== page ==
This workshop is an introduction to Mindful Self-Compassion (MSC), an empirically-supported training program based on the clinical perspective of Chris Germer and the pioneering research of Kristin Neff.
MSC combines the skills of mindfulness and self-compassion to enhance our capacity for emotional wellbeing. Mindfulness is the first step—turning with loving awareness toward difficult experience (emotions, sensations, thoughts). Self-compassion comes next—bringing loving awareness to ourselves. Together, mindfulness and self-compassion comprise a state of warm, connected presence during difficult moments in our lives.
Burgeoning research shows that self-compassion is strongly associated with emotional wellbeing, coping with life challenges, lower levels of anxiety and depression, healthy habits such as diet and exercise, and more satisfying, compassionate relationships. Self-compassion includes the capacity to comfort, soothe and validate ourselves, but also to protect and provide for ourselves, and to motivate ourselves to achieve our goals.
Fortunately, self-compassion can be learned by anyone. After participating in this workshop, you will be able to:
Program activities include talks, meditation, experiential exercises, and group discussion. Participants will directly experience self-compassion and learn practices to evoke self-compassion in daily life. No previous experience with mindfulness or meditation is required to attend the program.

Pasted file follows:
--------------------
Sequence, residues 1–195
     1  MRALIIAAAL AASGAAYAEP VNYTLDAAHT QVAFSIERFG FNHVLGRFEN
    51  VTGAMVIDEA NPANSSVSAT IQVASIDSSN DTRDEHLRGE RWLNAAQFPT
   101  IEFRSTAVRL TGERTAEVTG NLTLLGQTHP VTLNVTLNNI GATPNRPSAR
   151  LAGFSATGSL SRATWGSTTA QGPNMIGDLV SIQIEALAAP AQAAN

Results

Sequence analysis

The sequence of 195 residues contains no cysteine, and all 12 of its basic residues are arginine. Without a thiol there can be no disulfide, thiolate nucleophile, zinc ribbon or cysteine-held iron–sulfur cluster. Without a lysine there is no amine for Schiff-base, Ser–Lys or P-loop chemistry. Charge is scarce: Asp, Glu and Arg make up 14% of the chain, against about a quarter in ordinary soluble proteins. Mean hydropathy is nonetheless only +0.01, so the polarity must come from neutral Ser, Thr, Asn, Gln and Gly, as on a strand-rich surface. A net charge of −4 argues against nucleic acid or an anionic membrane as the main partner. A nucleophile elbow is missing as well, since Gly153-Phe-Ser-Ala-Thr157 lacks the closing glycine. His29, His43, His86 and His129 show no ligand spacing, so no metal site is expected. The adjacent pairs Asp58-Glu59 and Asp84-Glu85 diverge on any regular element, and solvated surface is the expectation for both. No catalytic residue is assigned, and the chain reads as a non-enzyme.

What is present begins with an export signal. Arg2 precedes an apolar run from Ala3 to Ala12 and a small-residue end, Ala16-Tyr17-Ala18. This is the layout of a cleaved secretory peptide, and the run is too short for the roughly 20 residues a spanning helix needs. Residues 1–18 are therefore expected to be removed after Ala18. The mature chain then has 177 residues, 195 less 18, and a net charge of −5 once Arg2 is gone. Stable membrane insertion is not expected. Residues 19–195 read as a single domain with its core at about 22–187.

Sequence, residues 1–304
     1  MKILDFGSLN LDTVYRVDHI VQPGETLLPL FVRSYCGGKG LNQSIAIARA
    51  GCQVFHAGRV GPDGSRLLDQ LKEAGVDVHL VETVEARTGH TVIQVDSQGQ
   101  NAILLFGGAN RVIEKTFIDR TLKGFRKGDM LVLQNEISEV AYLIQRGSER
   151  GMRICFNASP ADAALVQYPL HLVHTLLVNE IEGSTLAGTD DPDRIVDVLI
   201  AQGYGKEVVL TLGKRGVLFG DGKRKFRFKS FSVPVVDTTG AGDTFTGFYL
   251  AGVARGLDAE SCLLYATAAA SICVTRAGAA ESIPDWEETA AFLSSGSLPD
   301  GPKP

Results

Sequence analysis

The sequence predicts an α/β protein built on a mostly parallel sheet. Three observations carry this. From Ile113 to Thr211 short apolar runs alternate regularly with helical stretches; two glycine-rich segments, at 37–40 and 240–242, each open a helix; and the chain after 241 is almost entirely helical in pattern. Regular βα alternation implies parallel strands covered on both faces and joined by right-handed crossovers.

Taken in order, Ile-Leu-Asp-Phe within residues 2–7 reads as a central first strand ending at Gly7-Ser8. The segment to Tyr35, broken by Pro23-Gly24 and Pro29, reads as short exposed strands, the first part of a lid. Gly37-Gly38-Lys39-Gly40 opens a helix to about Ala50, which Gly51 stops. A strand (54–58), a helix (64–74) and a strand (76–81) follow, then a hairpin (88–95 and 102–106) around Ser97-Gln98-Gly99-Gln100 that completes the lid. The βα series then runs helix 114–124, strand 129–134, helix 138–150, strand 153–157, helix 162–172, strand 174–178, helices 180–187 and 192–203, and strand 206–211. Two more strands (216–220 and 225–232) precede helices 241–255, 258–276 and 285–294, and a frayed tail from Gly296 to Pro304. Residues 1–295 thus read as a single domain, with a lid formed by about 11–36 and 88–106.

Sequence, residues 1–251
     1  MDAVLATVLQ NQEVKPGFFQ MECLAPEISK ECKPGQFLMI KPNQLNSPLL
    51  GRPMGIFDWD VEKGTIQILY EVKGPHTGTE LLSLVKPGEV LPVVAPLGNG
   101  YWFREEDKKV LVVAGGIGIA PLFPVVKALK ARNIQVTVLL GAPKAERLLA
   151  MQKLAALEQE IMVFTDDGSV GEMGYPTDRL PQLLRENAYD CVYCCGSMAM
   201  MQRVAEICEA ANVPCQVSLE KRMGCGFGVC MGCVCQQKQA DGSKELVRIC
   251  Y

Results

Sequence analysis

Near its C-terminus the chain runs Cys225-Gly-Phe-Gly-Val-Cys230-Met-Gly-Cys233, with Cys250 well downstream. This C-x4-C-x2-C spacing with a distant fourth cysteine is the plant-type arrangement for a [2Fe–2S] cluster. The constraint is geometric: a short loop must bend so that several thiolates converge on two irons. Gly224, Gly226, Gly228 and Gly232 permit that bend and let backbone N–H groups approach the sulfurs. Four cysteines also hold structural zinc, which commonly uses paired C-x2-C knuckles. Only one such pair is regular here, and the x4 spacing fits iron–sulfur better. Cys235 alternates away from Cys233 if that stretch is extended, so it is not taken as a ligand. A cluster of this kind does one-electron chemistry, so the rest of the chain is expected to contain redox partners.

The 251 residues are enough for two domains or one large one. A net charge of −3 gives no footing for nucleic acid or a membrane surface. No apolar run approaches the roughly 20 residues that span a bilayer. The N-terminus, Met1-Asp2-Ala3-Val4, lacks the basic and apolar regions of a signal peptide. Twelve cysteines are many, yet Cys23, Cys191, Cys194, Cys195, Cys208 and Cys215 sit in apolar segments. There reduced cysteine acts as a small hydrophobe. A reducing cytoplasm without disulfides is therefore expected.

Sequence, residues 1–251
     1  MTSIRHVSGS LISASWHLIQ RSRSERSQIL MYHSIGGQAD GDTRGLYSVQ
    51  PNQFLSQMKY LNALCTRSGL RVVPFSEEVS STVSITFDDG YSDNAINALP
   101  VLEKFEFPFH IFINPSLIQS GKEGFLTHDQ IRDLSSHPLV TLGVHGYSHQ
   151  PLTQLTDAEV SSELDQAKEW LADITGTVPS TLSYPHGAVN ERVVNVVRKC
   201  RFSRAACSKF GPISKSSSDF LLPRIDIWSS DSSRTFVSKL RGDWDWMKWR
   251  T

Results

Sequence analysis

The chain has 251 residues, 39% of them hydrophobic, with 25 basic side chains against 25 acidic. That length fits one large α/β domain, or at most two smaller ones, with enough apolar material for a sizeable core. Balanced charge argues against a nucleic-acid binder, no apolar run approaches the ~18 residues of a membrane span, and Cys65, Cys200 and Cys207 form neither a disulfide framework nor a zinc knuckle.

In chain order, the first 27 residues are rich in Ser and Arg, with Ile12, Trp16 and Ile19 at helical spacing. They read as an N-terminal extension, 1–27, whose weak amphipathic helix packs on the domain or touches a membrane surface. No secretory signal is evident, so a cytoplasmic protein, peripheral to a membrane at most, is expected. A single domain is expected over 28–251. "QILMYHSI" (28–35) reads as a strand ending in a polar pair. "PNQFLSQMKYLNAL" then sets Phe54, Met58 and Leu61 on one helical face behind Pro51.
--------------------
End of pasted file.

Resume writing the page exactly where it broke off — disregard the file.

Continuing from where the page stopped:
Christopher Germer, PhD is a co-developer of the MSC program and a co-founder of the Center for MSC. He is the author of the popular book, The Mindful Path to Self-Compassion, and co-author (with Kristin Neff) of the professional text, Teaching the Mindful Self-Compassion Program, and a workbook, The Mindful Self-Compassion Workbook. Chris is an MSC Teacher Trainer and leads MSC intensives and workshops around the world.
Chris is also a clinical psychologist and lecturer on psychiatry (part-time) at Harvard Medical School. Chris has been integrating the principles and practices of meditation into psychotherapy since 1978. He has co-edited two influential volumes –Mindfulness and Psychotherapy, and Wisdom and Compassion in Psychotherapy – and he is a founding faculty member of both the Institute for Meditation and Psychotherapy and the Center for Mindfulness and Compassion, Cambridge Health Alliance, Harvard Medical School. Chris maintains a small private practice in Arlington, Massachusetts, USA, specializing in mindfulness and compassion-based psychotherapy.